The Telegraph
Wednesday , February 12 , 2014
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Vijayakanth tilts towards Cong

Chennai, Feb. 11: Vijayakanth was known for improbable screen stunts. Now he seems to be outdoing himself as a political gymnast.

After allowing himself to be courted by the BJP and quietly seen to be double-dealing with the DMK, he is set to hitch himself to the Congress.

Vijayakanth is slated to meet Manmohan Singh on Friday as part of a delegation of MLAs of his DMDK party. The ostensible reason is to submit a memorandum seeking justice for Lankan Tamils and Tamil fishermen and a solution to Tamil Nadu’s power crisis.

Once the Congress promises measures for both, Vijayakanth could announce the alliance and cite as a reason the party’s earnestness in addressing concerns of the state.

A DMDK leader suggested the Congress had seized on a lull in Vijayakanth’s talks with the BJP. “When the BJP was busy with Modi’s Chennai meeting (last) Saturday, Vijayakanth’s nephew Sutheesh was called to Delhi by top Congress leaders where they pushed the tie-up with the assurance that the DMK would follow suit soon.”

The Congress leaders — which reportedly included Ahmed Patel and Ghulam Nabi Azad — told Sutheesh that a DMK-Congress-DMDK alliance would be far more effective than a four-party tie-up between his DMDK, PMK, MDMK and the BJP. It was pointed out to Sutheesh that the DMK-Congress alliance had won most of the state’s 39 Lok Sabha seats in the last two polls.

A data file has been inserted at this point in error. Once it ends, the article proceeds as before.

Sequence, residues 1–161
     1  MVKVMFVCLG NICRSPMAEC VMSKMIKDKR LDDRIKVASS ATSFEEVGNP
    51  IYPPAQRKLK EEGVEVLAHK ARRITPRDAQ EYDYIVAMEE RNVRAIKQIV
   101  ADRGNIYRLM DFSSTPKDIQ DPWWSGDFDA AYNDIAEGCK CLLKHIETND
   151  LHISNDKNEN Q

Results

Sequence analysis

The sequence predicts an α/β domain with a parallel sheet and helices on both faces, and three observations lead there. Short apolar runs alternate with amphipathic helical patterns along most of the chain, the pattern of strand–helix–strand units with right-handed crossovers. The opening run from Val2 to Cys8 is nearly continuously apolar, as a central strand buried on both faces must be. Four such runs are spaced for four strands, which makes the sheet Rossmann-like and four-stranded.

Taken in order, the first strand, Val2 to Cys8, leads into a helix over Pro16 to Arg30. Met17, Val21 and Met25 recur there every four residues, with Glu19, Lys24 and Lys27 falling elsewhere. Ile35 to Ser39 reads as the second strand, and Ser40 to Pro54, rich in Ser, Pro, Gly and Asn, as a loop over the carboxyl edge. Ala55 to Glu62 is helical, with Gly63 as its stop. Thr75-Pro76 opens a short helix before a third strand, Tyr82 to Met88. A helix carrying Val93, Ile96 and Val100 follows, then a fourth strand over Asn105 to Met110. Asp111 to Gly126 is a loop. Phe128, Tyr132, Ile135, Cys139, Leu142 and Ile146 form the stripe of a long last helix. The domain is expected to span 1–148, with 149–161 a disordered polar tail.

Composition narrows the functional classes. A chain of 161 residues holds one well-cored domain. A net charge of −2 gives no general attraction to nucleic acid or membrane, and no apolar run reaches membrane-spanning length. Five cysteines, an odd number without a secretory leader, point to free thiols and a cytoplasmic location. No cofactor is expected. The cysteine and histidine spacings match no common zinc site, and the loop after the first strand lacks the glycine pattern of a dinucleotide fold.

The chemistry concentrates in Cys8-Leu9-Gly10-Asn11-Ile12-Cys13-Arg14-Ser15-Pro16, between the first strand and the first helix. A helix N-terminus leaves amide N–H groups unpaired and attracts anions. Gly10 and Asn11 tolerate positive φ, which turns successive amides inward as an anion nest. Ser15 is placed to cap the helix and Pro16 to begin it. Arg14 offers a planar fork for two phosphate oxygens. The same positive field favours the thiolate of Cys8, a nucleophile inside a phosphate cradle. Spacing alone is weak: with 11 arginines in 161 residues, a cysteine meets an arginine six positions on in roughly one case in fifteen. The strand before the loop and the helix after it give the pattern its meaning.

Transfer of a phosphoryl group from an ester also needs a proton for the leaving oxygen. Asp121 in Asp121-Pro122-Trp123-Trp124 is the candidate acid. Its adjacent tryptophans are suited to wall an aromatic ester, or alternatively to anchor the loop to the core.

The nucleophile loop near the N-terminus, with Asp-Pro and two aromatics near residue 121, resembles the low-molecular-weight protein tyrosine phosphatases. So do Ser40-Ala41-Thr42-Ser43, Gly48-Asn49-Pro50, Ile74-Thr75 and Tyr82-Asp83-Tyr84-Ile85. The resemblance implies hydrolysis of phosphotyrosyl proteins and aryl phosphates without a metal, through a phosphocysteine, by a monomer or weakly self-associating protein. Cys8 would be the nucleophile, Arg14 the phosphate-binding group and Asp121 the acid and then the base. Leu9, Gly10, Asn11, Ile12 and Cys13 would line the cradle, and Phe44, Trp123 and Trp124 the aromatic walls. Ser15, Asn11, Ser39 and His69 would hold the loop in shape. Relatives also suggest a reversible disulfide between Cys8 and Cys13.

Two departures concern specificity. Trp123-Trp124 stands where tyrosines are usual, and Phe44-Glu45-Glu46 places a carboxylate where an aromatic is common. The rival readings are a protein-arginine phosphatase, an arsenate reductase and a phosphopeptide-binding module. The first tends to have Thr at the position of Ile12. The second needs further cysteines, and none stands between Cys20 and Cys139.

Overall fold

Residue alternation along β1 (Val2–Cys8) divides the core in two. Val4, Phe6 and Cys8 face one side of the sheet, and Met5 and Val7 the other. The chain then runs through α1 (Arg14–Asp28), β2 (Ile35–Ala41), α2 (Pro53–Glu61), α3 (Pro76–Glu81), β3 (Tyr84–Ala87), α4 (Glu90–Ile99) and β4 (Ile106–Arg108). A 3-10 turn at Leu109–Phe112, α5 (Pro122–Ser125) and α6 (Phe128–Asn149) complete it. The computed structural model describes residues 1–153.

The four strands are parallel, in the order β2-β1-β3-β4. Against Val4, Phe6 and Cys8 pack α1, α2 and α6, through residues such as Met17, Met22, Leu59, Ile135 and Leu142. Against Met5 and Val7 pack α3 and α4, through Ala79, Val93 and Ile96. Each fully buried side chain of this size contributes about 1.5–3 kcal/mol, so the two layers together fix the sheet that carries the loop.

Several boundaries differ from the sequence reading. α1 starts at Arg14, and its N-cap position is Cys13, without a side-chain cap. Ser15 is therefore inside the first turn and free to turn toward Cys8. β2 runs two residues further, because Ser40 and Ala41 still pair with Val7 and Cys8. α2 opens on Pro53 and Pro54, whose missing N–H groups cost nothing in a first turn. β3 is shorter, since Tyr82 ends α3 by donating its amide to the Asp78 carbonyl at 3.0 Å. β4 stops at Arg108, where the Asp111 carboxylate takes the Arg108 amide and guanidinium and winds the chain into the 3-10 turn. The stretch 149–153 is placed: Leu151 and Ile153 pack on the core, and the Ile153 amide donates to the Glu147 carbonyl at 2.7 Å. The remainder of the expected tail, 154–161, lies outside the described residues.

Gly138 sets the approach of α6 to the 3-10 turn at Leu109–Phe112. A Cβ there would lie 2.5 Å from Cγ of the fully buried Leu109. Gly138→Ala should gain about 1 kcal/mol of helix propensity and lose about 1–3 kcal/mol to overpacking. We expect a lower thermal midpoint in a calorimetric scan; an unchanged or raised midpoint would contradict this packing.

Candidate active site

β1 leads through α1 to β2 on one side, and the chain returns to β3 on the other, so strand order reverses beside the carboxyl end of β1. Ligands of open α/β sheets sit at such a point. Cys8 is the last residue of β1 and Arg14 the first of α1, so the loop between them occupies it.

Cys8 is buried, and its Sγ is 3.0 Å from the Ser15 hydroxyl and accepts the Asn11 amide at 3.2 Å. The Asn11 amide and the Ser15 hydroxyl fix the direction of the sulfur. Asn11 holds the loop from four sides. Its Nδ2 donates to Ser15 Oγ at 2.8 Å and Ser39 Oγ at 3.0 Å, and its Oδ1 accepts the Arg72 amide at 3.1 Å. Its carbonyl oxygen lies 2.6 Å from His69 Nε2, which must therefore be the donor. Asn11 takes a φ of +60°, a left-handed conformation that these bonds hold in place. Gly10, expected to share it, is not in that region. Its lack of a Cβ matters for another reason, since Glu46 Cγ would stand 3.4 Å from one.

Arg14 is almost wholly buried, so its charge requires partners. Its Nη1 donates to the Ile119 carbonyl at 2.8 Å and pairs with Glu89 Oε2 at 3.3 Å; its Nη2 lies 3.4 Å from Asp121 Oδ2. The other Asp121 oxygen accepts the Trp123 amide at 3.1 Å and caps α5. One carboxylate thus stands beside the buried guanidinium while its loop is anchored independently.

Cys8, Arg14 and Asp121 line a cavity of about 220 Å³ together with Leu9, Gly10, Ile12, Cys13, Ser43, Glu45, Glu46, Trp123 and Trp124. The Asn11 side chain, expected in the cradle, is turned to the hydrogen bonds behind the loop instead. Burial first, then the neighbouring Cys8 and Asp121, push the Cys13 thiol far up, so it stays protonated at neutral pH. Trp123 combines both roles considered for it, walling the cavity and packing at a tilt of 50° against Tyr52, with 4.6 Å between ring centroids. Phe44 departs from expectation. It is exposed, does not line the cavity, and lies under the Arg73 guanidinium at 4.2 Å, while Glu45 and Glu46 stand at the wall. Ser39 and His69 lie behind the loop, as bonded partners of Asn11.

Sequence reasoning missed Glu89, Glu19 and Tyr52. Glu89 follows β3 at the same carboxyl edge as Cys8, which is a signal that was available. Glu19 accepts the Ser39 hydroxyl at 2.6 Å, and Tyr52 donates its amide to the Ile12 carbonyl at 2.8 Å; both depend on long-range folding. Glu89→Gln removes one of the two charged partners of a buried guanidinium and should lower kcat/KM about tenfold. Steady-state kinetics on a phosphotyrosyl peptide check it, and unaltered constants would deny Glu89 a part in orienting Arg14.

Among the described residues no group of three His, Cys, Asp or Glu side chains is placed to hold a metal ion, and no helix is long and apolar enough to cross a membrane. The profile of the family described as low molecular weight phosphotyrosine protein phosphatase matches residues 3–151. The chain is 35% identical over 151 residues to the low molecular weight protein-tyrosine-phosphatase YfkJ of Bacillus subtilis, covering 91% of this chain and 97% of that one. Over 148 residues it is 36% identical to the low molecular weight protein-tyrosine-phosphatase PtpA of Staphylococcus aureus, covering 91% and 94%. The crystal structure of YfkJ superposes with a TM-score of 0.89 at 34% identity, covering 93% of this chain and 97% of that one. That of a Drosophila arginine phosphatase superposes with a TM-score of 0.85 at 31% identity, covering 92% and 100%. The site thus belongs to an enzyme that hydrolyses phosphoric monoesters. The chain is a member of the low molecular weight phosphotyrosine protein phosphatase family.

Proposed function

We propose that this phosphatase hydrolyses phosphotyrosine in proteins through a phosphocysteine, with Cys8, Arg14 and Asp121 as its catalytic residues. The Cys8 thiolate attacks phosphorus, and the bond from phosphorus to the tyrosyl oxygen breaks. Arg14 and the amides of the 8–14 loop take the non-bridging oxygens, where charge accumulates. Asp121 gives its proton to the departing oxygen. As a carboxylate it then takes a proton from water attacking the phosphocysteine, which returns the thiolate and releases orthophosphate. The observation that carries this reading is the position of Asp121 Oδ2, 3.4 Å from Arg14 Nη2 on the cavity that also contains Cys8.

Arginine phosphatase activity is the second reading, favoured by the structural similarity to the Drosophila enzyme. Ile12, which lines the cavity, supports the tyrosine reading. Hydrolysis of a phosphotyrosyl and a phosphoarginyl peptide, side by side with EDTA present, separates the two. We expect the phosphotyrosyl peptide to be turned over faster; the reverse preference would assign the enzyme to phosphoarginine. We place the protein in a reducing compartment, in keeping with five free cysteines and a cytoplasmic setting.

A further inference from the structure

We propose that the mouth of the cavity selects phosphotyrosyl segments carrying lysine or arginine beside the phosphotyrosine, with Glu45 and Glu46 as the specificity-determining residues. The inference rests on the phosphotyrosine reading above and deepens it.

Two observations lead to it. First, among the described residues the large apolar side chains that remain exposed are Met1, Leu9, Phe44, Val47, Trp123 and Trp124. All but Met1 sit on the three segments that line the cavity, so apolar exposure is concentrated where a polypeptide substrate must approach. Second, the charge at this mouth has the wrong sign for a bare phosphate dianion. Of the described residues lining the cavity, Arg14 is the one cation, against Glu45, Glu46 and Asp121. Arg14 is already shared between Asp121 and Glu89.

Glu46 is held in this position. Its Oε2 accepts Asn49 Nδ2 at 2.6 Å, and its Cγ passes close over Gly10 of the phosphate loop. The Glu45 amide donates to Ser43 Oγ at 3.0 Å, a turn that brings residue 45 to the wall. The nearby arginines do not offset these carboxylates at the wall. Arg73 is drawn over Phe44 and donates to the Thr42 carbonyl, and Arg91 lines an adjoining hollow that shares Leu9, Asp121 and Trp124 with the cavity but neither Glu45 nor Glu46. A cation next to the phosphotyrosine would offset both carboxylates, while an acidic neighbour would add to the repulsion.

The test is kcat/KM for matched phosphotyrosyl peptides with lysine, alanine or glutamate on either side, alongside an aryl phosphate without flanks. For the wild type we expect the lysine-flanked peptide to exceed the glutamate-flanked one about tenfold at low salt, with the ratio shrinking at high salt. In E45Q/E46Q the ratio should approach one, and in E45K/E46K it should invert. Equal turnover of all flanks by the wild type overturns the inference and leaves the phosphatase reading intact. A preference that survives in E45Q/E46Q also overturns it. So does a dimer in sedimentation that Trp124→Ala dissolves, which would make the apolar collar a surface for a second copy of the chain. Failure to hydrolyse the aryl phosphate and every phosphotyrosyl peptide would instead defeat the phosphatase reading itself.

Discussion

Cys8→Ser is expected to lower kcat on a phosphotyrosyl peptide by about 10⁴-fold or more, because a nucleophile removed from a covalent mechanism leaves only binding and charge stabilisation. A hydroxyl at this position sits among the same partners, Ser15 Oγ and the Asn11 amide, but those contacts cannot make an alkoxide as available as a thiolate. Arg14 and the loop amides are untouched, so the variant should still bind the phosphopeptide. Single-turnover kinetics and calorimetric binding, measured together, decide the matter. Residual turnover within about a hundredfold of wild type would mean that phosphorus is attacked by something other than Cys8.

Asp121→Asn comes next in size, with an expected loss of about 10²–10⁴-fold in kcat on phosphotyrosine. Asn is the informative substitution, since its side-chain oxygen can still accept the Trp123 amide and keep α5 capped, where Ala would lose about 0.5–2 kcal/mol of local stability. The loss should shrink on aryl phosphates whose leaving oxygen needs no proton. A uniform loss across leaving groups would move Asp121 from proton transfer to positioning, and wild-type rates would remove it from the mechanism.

“Once the DMDK is with us, the DMK would be compelled to reconsider its decision to stay away from the Congress, realising the three of us would form a formidable front that can challenge (chief minister Jayalalithaa’s) AIADMK,” said a state Congress leader.

The Congress has started wooing the M. Karunanidhi-led DMK back. Azad and Farooq Abdullah, both Union ministers, met Karunanidhi recently and urged him to revive his alliance with the Congress.

Dalit leader Thirumavalavan, whose VCK is an ally of the DMK, recently met Rahul Gandhi in Delhi.

During his Delhi talks, Sutheesh was learnt to have demanded at least 15 Lok Sabha seats. The Congress leaders are learnt to have said this could be negotiated once the DMK was on board.

The leaders also told Sutheesh that the Congress’s pledge to address key state issues would be worded in a way to also placate the DMK. Karunanidhi’s party had questioned the Congress’s sincerity in helping Lanka’s Tamils when it quit the UPA last March.

The BJP wasn’t surprised. “Vijayakanth’s demand for an unrealistic number of seats was an obstacle,” said a state leader.

But while Vijayakanth’s likely alliance with the Congress may look strong on paper, some fear it could dent his credibility. “His wife had criticised the Congress and the DMK over corruption recently. He will find it difficult to sell this alliance even to his cadres,” said P.S. Ramachandran, Vijayakanth’s former political adviser.